From the CDRI I continued to the Fort Davis National Historic Site. Late in the afternoon, I went to the very pretty Davis Mountains State Park to spend the night. My campsite was on the bank of a creek.
Fort Davis was a key post in the defense system of western Texas. From 1854 until 1891, troops stationed at the post protected immigrants, freighters, mail coaches and travelers on the San Antonio-El Paso Road. It is considered one of the best remaining examples of a frontier military post in the American Southwest. Named for Secretary of War Jefferson Davis, the fort was first garrisoned by Lieutenant Colonel Washington Seawell and six companies of the Eighth U.S. Infantry. The post was located in a box canyon near Limpia Creek on the eastern side of the Davis Mountains where wood, water and grass were plentiful.
With the outbreak of the Civil War and Texas’ secession from the Union, the federal government evacuated Fort Davis. The fort was occupied by Confederate troops from 1861 until 1862, when Union forces again took possession. They quickly abandoned the post and Fort Davis lay deserted for the next five years.
The original post consisted of primitive structures. The foundations of several buildings from this earlier fort can still be seen today. Not many of the fort’s structures remained in June 1867, when Lieutenant Colonel Wesley Merritt and four companies of the recently-organized Ninth U.S. Cavalry reoccupied Fort Davis. The building of a new post, just east of the original site, began immediately. By the end of 1869, a number of officers’ quarters, two enlisted men’s barracks, a guardhouse, temporary hospital and storehouses had been erected. Construction continued through the 1880s. By then, Fort Davis had become a major installation with more than 100 structures, and quarters for more than 400 soldiers.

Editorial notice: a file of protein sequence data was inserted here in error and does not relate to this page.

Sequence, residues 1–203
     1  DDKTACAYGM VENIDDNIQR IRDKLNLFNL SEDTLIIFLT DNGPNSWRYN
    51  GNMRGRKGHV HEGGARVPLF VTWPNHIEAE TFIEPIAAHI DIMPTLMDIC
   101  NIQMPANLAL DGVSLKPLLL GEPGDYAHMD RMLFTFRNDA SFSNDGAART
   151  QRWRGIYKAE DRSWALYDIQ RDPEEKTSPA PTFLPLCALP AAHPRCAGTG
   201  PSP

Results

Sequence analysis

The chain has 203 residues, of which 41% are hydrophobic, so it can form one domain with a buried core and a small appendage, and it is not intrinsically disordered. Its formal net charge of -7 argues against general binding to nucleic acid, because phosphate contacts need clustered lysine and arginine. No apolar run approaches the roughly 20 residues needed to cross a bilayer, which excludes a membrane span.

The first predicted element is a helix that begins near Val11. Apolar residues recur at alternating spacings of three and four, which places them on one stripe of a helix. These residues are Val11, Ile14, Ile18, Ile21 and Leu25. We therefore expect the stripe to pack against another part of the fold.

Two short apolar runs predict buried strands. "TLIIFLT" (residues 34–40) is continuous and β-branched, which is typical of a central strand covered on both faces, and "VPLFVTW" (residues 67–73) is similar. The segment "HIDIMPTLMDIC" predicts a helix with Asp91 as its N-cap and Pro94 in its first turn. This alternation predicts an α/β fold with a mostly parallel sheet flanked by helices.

Fort Davis’s primary role of safeguarding the west Texas frontier against the Comanches and Apaches continued until 1881. With the end of the Indian Wars in west Texas, garrison life at Fort Davis became more routine. Soldiers occasionally escorted railroad survey parties, repaired roads and telegraph lines, and pursued bandits. Fort Davis was abandoned at the end of June 1891, deemed by the army to have "outlived its usefulness." Seventy years later, in 1961, the fort was authorized as a national historic site, a unit of the National Park Service.